Each one of us must fall in love with the Blessed Sacrament by which the Lord Jesus remains with us always, by which he refreshes our souls, and by which he strengthens us to do his will (cf. Psalm 23:3; Philippians 4:13). If we fall in love with the Eucharist, we will understand the truth of Isaiah’s words, even as J.R.R. Tolkien did.

In a letter to one of his sons, he wrote these moving words from the heart of one who loved the Eucharist very deeply:

Out of the darkness of my life, so much frustrated, I put before you the one great thing to love on earth: the Blessed Sacrament…. There you will find romance, glory, honour, fidelity, and the true way of all of your loves upon earth, and more than that, Death: by the divine paradox, that which ends life, and demands the surrender of all, and yet by the taste (or foretaste) of which alone can what you seek in your earthly relationships (love, faithfulness, joy) be maintained, or take on that complexion of reality, of eternal endurance, which every man’s heart desires.[4]

The key phrase here is that the Eucharistic Lord “demands the surrender of all.” Jesus held nothing back for us and went all the way to the Cross; he surrendered everything for us. How can we not respond in return and surrender everything we have, everything we are to him? Let each of us, then, seek our satisfaction in the Eucharist and surrender to him and find everything we seek in him. Then, having ourselves been filled with the Lord’s loving mercy, we, too, can go out and invite others to join us at the banquet of the Lamb. Amen.

[1] Joseph Ratzinger, The Spirit of the Liturgy (San Francisco, California: Ignatius Press, 2000), 39.
[2] Ibid., 43-44.
[3] Idid., 48.
[4] J.R.R. Tolkien, Letter to Michael Tolkien, 6-8 March, 1941. In The Letters of J.R.R. Tolkien, Humphrey Carpenter, ed. (New York: Houghton Mifflin Company, 2000), 53-54.

14 October 2017

Millennials make Quincy 7th in nation for home sales

An ancient Greek, whose name is unknown to me and perhaps to anyone, is recorded as having said, "No man loves his own city because it is great, but because it is his." I daresay he had not visited my beloved hometown of Quincy, Illinois.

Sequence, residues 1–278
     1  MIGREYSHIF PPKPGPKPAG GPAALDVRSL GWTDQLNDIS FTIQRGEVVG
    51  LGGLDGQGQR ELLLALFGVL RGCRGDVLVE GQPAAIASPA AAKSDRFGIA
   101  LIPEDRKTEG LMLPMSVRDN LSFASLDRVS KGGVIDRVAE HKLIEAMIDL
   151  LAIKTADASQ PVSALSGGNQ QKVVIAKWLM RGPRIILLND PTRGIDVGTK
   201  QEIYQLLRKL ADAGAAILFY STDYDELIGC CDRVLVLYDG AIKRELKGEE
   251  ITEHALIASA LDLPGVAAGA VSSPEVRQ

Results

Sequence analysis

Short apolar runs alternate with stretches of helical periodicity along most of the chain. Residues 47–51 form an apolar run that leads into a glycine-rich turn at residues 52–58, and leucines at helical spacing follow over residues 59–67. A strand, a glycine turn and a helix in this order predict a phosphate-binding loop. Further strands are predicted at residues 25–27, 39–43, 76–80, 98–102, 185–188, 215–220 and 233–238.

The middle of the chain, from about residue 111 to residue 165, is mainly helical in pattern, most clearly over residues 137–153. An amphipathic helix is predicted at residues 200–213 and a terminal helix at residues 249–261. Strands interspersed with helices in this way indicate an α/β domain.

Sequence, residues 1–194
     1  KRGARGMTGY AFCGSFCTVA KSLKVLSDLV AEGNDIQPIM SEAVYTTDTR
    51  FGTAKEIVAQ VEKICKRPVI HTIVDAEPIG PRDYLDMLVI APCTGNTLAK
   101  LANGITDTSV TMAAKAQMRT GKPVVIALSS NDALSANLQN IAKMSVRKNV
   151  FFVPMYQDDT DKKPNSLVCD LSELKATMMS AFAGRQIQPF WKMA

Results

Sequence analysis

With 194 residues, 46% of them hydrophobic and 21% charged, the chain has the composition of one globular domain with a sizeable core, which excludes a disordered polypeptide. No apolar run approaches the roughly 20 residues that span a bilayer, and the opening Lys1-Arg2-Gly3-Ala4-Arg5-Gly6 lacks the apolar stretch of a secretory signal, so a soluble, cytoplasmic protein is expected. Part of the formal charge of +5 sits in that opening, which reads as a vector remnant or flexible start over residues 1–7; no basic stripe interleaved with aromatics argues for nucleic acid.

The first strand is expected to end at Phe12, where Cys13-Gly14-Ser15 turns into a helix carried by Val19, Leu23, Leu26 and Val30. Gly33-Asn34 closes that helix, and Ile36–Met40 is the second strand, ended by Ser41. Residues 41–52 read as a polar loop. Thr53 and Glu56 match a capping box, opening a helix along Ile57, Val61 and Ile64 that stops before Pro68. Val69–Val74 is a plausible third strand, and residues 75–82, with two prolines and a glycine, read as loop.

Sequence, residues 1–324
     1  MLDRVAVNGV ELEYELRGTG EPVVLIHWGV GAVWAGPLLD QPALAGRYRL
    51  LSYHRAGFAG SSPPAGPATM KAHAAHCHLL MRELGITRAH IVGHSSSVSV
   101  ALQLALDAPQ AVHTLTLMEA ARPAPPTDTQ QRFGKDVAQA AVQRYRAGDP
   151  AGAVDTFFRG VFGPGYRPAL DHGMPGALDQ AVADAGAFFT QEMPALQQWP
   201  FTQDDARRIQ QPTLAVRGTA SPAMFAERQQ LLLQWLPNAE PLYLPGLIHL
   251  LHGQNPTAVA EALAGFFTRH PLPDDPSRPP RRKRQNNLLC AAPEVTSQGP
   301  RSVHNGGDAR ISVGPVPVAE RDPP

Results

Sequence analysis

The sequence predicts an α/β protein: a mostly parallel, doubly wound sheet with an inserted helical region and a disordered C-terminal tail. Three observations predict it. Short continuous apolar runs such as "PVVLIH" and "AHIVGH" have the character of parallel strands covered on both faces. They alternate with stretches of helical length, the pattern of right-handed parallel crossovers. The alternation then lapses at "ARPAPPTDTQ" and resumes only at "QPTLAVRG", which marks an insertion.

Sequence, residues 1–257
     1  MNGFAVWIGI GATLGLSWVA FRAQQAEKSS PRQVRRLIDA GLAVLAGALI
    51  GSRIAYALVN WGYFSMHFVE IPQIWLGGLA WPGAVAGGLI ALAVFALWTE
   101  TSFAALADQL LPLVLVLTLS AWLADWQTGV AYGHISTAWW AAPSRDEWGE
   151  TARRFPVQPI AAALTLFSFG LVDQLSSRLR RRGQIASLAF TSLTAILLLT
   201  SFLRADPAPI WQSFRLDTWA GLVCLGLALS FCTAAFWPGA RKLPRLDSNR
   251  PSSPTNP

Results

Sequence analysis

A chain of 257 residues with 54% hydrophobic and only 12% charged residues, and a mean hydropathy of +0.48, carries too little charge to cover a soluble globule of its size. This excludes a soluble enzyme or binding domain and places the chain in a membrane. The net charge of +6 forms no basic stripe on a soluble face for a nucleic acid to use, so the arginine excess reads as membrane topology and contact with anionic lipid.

It gives me joy to say that my love for the Gem City is shared by the Millennial, those born between 1981 and 2001, who, according to a recent article in the Quincy Herald-Whig, have made Quincy "seventh nationwide in a two-month snapshot among cities where members of the millennial generation ... are buying homes."

The rate at which they are buying homes in Quincy is surprisingly high, especially since so many young people claim - as they have done for decades - there is nothing to do in Quincy:
A story last week in USA Today noted that millennials bought 49 percent of Quincy homes sold over a two-month period this year. Figures from the most recent reporting period show that 37 percent of homes sold in Quincy went to millennials [more].
There may be a good financial incentive for them to buy homes in the Gem City as compared with other cities:
Home prices bought by millennials nationwide have an average cost of $187,164, according to Ellie Mae figures from the August-September period. In the Quincy micropolitan area, the average price is $96,219 for the same period.
The "micropolitan area" is a new term for me, but it seems humorously fitting for the area around Quincy.

Many of these millennials will, of course, be those moving back home after going away  for college. But others, of course, will be newcomers to the Gem City and I hope they enjoy it as much as I do.

12 October 2017

On Mass intentions

A few days Innocent Duru, on an old post concerning Parochial Vicars, asked a question about the Holy Mass offered pro popolo, that is, for the people.
This obligation is given in the Code of Canon Law:
After a pastor has taken possession of his parish, he is obliged to apply a Mass for the people entrusted to him on each Sunday and holy day of obligation in his diocese [not every diocese observes the same days as obligatory]. If he is legitimately impeded from this celebration, however, he is to apply he is to apply it on the same days through another or on other days himself (canon 534 § 1).
Regrettably, this obligation seems to be observed more in the breach than in the norm, at least in places with which I am familiar. This is likely due, in no small part, to the practice of grouping several Mass intentions together at one Mass.
It has long been customary for the faithful to ask priests to offer the Holy Mass for particular intentions and to offer a small gift to the priest to help with his sustenance. The custom of Mass intentions is governed by the Code of Canon Law:
In accord with the approved practice of the Church, any priest celebrating or concelebrating is permitted to receive an offering to apply the Mass for a specific intention..
It is recommended earnestly to priests that they celebrate Mass for the intention of the Christian faithful, especially the needy, even if they have not received an offering.
The Christian faithful who give an offering to apply the Mass for their intention contribute to the good of the Church and by that offering share its concern to support its ministers and works.